Abdur Rahim, J.
1. With regard to the preliminary objection which has been raised here as to the value, all that I need say is that even if at be doubtful that the court has power to revise the order in this case under Section 115 of the Civil Procedure Code, the order being in the nature of an interlocutory order, there can be very little doubt that I have ample powers under Section 15 of the Charter Act. This has been held in Pusan Mal v. fenki Pershad Singh I.L.R. (1901) C. 680, Somasundaram Chettiar v. Manika Vasaka Desika Gnana Sambandha Pandara Sannadhi I.L.R. (1907) M. 60 and C.R.P. 363 of 1910 unreported.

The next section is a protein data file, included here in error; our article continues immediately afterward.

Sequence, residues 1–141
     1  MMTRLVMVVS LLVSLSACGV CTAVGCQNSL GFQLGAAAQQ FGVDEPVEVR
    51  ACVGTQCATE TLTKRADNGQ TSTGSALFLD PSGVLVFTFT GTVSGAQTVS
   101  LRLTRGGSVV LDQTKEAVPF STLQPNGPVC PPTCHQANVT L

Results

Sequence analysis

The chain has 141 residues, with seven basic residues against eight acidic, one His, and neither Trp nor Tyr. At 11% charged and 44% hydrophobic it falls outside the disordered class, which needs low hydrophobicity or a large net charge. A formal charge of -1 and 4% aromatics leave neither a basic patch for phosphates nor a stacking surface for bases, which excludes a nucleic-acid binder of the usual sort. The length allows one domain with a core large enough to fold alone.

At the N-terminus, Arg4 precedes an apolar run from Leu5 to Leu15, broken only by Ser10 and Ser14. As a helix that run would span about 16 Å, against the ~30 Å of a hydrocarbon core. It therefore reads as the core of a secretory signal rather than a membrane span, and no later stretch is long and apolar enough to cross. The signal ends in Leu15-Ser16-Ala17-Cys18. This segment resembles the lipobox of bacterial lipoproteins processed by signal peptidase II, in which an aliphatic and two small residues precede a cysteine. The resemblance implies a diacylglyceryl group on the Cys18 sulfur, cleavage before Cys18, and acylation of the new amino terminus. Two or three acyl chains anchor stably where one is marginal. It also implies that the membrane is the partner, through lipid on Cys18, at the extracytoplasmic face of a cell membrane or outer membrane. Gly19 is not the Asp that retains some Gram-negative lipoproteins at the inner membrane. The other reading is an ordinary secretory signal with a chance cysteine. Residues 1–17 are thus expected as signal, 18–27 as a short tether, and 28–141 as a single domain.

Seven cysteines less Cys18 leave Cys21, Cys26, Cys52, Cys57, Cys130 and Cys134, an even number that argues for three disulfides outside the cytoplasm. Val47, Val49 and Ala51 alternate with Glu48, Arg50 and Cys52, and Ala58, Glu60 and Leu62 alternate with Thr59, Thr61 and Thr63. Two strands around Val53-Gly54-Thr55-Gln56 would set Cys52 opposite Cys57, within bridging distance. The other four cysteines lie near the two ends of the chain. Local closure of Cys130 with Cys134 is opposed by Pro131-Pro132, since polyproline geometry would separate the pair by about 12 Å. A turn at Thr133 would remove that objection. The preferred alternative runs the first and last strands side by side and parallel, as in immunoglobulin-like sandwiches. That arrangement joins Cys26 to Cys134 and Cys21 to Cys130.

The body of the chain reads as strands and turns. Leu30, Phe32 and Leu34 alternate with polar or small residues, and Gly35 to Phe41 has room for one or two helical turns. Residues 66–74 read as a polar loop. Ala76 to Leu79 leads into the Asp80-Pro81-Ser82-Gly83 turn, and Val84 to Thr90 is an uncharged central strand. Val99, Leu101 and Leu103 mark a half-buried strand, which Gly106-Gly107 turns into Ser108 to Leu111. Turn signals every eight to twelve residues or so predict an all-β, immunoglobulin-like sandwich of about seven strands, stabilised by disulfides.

2. On the merits of the case I am satisfied that the Subordinate Judge had no jurisdiction to pass an order to strike out the defence of the petitioner. What happened was, the petitioner, who was examined as a witness by the plaintiff, did not attend on the day to which the case was adjourned, although he had given an undertaking to do so. The Subordinate Judge, there-upon, ordered that his defence might be struck off. The only provision under which the defence of a defendant can be struck out is that of Order XI, Rule 21, which empowers the court to strike out the defence of a defendant who fails to comply with an order to answer interrogatories or for the discovery or inspection of certain documents. That rule does not apply in this case. My attention has been drawn by Mr. Rozario to Order XVI, Rule 20. That rule enables the court to pronounce judgment against the party who, being present in court, refuses to give evidence, or who refuses to produce any documents in his possession. Here the defendant was not present in court when the order was passed, and he did not refuse to give evidence or to produce any documents. This rule also has no application. Lastly Mr. Rozario falls back on Section 151 of the 'Code which says that the provisions of the Code shall not affect any inherent jurisdiction which the court may possess. But he is not able to satisfy me that the court has got inherent jurisdiction to strike out the defence of a defendant who failed to appear in time in pursuance of an undertaking given by him to the court, so that he may be further examined by the other party to the suit, who had summoned him as his witness. The Code provides for ample means of compelling the attendance of witnesses, and if a witness is in contempt, the court has also power to punish him for such contempt. I am of opinion that the Subordinate Judge exceeded his powers in passing the order complained of by the petitioner. I therefore set aside the order dated the 16th March 1911. The respondent will pay the costs of the petition in this court.